“You’re just living again, Prentiss, ‘tis nothing to be ashamed of. Shannon wouldn’t want you to go out there and join her in the ground, now would she? Of course not! You’re doing what any loving child would want their dad to do, surviving and living.”
She was his rock in these situations, and as time marched on, her words rang true. He was allowing himself to be happy again. This was his own advice that he often gave to his patients- “Allow yourself to be happy, give yourself permission to smile. Sometimes what keeps us down and buried in our worries is the fact that we as people feel that we are required to suffer for some reason or another. We’re not. Choose to feel something good today, grant yourself that much.” His own words rang in his mind frequently, and had been working well for sometime.
However, things had become different with the arrival of his latest patient. He started to worry again. Rebecca could tell just from looking at her husband that things were slipping backwards. He was consumed with something, and she decided to pull it out of him.
“Prent, if your face gets any longer tonight, I’m going to slap a saddle on your back and rent you out to pull produce,” she’d said in a flat and strong voice. “Tell your better half what is eating you up so tonight.”
“It’s… a patient of mine. She was supposed to come in today. I know it’s still early, but I called her and left a message. I thought I’d hear from her by now. False hope, I guess. She’ll probably call me late, once I’m already getting in bed or something. Then I’ll feel relieved and will look much less like a horse. I’m just, getting worried. I think she might do something drastic. I wish I could do more, but… this is all I can do, sit and wait.”
It wasn’t uncommon for patients to occasionally call the Dires home to speak with their doctor. Sometimes it was just for some sagely advice, other times it was when the more pill happy members of the good doctor’s practice would burn through all of their medication way too quickly and call in desperate hope for a refill. Tonight, though, it seemed different.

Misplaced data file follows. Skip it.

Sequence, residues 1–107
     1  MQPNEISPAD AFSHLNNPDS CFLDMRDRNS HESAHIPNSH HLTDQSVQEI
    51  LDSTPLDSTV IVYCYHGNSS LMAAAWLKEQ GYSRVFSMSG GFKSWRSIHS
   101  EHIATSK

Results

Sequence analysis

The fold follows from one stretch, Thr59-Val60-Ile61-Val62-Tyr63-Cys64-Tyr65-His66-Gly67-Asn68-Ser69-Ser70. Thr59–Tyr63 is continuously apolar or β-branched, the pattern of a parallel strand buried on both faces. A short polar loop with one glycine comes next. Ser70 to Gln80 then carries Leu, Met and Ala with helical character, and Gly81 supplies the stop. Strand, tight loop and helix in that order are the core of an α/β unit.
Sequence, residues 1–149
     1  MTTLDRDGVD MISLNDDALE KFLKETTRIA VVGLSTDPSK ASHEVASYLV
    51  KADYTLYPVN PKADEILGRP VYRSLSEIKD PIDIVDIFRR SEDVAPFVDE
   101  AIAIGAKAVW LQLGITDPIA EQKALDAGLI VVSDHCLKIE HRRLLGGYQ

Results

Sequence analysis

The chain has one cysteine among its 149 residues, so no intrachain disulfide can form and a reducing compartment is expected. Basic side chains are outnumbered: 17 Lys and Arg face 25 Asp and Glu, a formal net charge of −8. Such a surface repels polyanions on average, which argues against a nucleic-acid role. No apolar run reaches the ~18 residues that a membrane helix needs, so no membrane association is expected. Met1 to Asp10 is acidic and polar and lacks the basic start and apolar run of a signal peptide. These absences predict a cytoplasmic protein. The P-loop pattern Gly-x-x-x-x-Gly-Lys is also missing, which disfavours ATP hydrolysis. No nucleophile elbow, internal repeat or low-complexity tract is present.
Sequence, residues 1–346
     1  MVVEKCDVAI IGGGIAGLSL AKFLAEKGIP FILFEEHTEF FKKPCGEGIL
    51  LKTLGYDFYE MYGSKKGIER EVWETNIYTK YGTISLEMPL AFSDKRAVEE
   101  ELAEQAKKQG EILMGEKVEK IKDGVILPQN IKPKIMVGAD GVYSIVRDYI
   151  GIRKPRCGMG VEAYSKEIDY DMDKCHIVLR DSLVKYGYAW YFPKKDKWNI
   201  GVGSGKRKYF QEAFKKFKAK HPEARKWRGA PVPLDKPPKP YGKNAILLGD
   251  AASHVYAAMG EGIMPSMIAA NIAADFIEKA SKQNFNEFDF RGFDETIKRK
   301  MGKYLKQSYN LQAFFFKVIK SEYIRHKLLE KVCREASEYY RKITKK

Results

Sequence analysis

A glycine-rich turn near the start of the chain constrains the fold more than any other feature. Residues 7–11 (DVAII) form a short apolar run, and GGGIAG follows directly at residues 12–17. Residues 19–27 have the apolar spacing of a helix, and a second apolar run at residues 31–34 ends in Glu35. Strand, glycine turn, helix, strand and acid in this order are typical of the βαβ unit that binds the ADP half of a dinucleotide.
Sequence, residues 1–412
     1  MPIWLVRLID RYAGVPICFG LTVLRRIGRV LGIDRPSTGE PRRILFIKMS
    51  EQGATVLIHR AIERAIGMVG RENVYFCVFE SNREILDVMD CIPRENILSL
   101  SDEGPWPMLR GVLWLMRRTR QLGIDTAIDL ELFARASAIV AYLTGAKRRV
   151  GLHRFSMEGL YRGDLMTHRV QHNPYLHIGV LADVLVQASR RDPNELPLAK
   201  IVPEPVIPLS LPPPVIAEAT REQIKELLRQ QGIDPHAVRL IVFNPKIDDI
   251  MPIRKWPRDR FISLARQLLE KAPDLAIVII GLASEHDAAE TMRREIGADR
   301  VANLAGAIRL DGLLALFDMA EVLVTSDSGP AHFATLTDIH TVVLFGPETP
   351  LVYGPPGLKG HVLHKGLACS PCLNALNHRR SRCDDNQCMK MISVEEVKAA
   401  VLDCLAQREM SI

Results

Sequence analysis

“Okay then, I know you got that oath and all, so I won’t force you to tell me what is going on, but if you were to decide to empty your burdens, I wouldn’t run off and tattle on you,” she answered.
That didn’t worry Prentiss. Oath or not, he’d shared details of some of his more extreme patients with his wife before. Maybe it wasn’t the most prudent course of action for a doctor sworn to listen and heal minds, but it helped keep Prentiss on the right side of the couch he kept in his office.
“Coffee, then come and sit with me, Rebecca. I will tell you. I have to tell someone, after all.”
“Oh, so now I’m your coffee wench, am I?” she replied sarcastically, but filled his request just the same. She wanted him to talk so perhaps he could feel better; she was also a bit curious. Some of his stories about his patients were outright entertaining, and Rebecca, though she would never admit it, enjoyed hearing them from time to time. She had to fight not to laugh at some of them, like this one girl that Prentiss had treated a while back that needed her mother to call and sing her a lullaby every night. Rebecca had grown up with no mother and only her hard case dad, and found such sentiments as lullabies to be almost laughable. She had a feeling though that this particular patient, the one keeping her husband awake and stressed, might not be such a funny story.
Prentiss took his cup, blew on some of the steam and brought it to his lips.
“Hey, slow down, it’s hot, dummy! You’re going to burn your lips,” his wife scolded. Her husband laughed and thought for just a moment that wives and mothers were not very different at all.
“Her name is Mary. She showed up at my office a few weeks ago, pretty standard stuff. Said that she was suffering from extreme anxiety. She’s 35 years old, seems like she has a good head on her shoulders. I figured at first it was just the usual stress story; too much work, not enough money, you know, the usual. However, she was anything but the standard patient.”
“How so?” Rebecca asked.
“Well, on paper she seemed like the least likely candidate to really suffer from her level of anxiety. She had no children, a steady job in a rather low stress field. She’d inherited her home from her grandparents so she didn’t have a mortgage to worry over. As I said, on paper she seemed to be ahead of the power-curve in life. A lot of my patients would envy her situation, but I could tell after our first session that there was something very wrong going on. She had this… delusion, you see, going all the way back to her childhood.”
Rebecca twirled her fingers a bit, a habit that drove Prentiss crazy sometimes. It meant to hurry the story along and get the good part. Prentiss didn’t know how to articulate to his wife that there likely was no good part in this story at all.
“Okay, fine. I’ve been treating her for a few weeks now, and she told me all about this incident, one that I feel to be very much imagined, a nightmare from her youth, but to her it’s cold hard reality. Tonight, well, tonight… according to her, she’ll die.”
“Or be killed, depending on how you look at her side of it.”
Prentiss sipped his coffee and locked eyes with his wife. She was leaning over, her red locks falling over her green eyes. She was wearing a sleeveless shirt and her orange freckles were on full display. He traced them around her arms with his eyes, a habit he’d enjoyed from the first time he’d seen her naked, way back in Dublin over 25 years ago.
“They wrap around my shoulders and lead right to my tits, same as always, Prentiss. Now stop dragging it out and tell me about this woman who thinks tonight will be her last.”
He sighed, sipped his coffee once more, and told his story.